It's been almost five months since we brought Alex home, so it seems to be time for an update.  When we considered adoption (less than a year ago), one of our biggest concerns was how a six-year-old boy would fit into our family.  It took Alex no time at all to rid us of that concern.  Even with his limited English, he gets our family's sense of humor.  He also loves to do most anything we are doing, whether it's cuddling on the couch to watch a movie, ride bikes, or go farming with Grandpa.  Speaking of English, Alex has a firm grasp of the language with minor grammar issues and a vocabulary just like most other six year-olds.  People who meet him now don't even realize that English is his second language.  Bonding has also been a huge success for us.  Alex gives hugs and kisses all day long, especially to me.  The words "I love you" come almost daily now and we have learned to appreciate that he says it when he means it rather than just because it's the thing to say at that moment.  On Mother's Day, Alex got his piggy bank and asked AJ to take him to the store.  They came back with a cute arrangement of carnations and a card on which Alex wrote "I love you."  I will treasure that forever.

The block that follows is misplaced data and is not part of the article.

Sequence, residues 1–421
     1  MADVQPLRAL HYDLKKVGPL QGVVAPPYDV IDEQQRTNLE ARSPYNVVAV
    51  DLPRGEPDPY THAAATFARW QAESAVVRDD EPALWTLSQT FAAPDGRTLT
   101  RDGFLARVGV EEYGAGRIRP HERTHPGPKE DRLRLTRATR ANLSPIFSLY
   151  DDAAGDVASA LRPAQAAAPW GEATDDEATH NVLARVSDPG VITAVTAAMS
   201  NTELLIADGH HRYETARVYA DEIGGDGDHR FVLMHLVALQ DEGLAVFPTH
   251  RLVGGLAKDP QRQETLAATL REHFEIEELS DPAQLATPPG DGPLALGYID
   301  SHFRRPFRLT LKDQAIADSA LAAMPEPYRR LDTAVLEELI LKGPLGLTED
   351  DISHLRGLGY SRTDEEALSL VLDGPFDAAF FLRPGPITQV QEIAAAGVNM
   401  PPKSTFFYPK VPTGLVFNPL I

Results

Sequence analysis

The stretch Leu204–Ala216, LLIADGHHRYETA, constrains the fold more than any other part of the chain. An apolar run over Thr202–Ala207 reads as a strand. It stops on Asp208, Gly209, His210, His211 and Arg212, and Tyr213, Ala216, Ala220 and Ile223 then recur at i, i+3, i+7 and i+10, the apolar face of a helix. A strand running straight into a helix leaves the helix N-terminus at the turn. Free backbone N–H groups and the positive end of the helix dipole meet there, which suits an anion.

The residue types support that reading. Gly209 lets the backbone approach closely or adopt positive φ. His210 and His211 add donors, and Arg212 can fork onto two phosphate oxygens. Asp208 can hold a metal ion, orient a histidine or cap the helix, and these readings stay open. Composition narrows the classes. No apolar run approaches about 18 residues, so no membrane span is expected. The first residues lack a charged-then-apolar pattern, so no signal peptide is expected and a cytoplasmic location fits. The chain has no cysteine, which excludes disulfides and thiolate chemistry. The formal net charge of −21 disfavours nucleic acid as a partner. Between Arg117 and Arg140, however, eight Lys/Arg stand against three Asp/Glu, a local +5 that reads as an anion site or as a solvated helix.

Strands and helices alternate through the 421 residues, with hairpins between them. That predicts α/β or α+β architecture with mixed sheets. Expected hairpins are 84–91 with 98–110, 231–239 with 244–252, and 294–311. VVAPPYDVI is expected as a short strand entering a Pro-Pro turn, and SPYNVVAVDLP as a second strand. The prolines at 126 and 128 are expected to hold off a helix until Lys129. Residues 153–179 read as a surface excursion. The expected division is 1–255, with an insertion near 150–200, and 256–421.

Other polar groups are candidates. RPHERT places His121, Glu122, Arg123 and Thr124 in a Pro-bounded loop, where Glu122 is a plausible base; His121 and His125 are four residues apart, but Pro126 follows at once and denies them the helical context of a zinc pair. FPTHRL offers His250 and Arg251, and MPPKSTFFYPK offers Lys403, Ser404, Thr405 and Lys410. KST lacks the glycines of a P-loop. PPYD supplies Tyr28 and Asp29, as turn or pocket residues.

Another big success for Alex has been his academics.  He does well with his school work, usually completing his work quickly and accurately.  He reads English fairly well, as well as appropriate for a first grader.  His penmanship is beautiful and he enjoys writing stories in his journal.